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Wide world of Textiles

Started by 65Buick, April 05, 2018, 07:36:52 pm

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65Buick

Had this on my mind for awhile. Fabrics and other textiles have a LOT of marketing. I often wonder how to differentiate. There are folks peddling fabrics on every corner it seems.

Myself, I tend to gravitate to designer fabrics, mainly because I can be assured that they are quality. If something were to go wrong, the company would likely be concerned. E.g. Kravet.

I think we can all agree that we put our best into our pieces because we want it to last for the longest time possible. For a number of reasons.

But where do we draw the line? I don't think many of customers or potential customers know or care about the details of fabric. They want a good price. Obviously, we don't want something like what's been talked about before - vinyl that will not stop stretching. Or maybe poor colorfastness. Or, premature wear.

None of us, I believe, have access to a Wyzenbeek. But even if we did, it still wouldn't tell us everything.

I think maybe a good start is to avoid textiles made in China. There is simply too much risk. Too little oversight.
But what else can we do? A remnant may work well for a certain project, etc.

Folks dealing with textiles long-time, what have you learned?


kodydog

We had a couple stop by a couple of weeks ago. They had a vinyl that was in storage for about ten years. Yeah, I just felt everyone cringe. When Rose took a good look at it she noticed the edges were peeling. And when she split it, it came completely apart. It was no good and we told them. They were grateful and left to get something better. Two hours later they came back with something more suitable.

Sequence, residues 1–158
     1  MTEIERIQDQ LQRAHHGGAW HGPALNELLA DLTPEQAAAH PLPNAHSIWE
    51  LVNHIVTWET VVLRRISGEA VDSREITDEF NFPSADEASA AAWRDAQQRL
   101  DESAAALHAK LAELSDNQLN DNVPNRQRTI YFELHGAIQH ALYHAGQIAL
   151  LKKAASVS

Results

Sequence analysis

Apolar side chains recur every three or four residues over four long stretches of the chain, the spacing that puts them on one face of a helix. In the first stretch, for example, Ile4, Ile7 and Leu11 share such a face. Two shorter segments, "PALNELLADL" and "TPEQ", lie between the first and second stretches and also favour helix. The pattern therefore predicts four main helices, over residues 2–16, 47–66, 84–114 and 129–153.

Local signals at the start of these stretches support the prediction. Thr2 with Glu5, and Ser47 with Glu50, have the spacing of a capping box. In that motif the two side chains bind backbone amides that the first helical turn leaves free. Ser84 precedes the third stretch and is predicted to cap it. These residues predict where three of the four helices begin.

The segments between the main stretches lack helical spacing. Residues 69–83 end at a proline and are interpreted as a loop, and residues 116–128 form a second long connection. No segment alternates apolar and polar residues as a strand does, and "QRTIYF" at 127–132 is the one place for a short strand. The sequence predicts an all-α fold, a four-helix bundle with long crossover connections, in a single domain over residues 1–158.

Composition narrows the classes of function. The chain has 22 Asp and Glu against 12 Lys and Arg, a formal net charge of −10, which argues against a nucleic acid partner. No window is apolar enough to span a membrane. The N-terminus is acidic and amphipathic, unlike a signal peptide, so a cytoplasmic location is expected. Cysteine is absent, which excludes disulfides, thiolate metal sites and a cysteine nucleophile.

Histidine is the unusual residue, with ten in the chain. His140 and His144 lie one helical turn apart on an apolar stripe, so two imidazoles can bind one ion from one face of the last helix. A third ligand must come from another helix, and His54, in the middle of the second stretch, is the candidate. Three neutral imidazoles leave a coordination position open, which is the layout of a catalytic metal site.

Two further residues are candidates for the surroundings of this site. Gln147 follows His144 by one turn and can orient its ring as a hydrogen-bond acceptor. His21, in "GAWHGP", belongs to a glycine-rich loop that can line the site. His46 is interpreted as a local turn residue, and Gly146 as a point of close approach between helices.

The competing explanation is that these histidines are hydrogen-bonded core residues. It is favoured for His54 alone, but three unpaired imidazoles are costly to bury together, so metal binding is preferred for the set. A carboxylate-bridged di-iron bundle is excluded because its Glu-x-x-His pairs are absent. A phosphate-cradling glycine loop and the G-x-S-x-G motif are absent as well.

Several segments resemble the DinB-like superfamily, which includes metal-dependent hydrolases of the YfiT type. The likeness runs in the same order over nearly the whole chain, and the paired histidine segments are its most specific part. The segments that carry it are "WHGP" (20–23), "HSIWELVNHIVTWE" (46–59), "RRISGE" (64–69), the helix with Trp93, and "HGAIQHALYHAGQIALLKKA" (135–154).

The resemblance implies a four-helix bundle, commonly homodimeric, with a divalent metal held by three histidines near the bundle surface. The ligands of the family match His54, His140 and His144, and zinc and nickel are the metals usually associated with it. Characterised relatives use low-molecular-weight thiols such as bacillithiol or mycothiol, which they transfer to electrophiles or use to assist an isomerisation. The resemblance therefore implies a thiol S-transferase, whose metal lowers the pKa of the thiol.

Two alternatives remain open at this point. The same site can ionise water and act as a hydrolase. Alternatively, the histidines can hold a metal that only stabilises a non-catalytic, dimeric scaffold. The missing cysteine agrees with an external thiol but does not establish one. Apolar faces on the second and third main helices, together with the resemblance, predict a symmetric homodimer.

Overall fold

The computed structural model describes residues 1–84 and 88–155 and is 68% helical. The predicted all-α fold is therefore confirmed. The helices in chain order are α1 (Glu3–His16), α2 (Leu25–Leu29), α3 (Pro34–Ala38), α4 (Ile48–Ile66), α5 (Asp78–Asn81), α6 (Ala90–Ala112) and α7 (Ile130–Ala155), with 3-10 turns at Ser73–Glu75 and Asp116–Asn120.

https://photos.app.goo.gl/qifSQ9q5poo2jHXC3

There is a lot of garbage out there. Its up to us to inspect everything that comes into the shop.
There cannot be a crisis next week. My schedule is already full.
http://northfloridachair.com/index.html

MinUph

Quote from: 65Buick on April 05, 2018, 07:36:52 pm

Folks dealing with textiles long-time, what have you learned?


There are companies that only deal with quality 90% of the time. I have seem bad fabrics from just about any supplier I have ever dealt with. I have a Schumacher fabric in the shop that is nice looking but woven weirdly. I don't know where is was made as it doesn't really matter to me I am to put it on and make it look right. But the point is junk comes from everywhere. Smaller companies might be a little easier to deal with when issues crop up. I don't remember having to call on a company to deal with a defective piece of fabric I had sold.
  So there is no great answer to the issue of inferior textiles. As I have said before China is not at fault the companies that order from them are. They get what they order. If they order cut rate fabric that's what they get. If they order high quality stuff China is more than capable to make it. That goes for any product not just textiles.
Paul
Minichillo's Upholstery
Website

gene

April 06, 2018, 02:04:40 pm #3 Last Edit: April 06, 2018, 02:09:25 pm by gene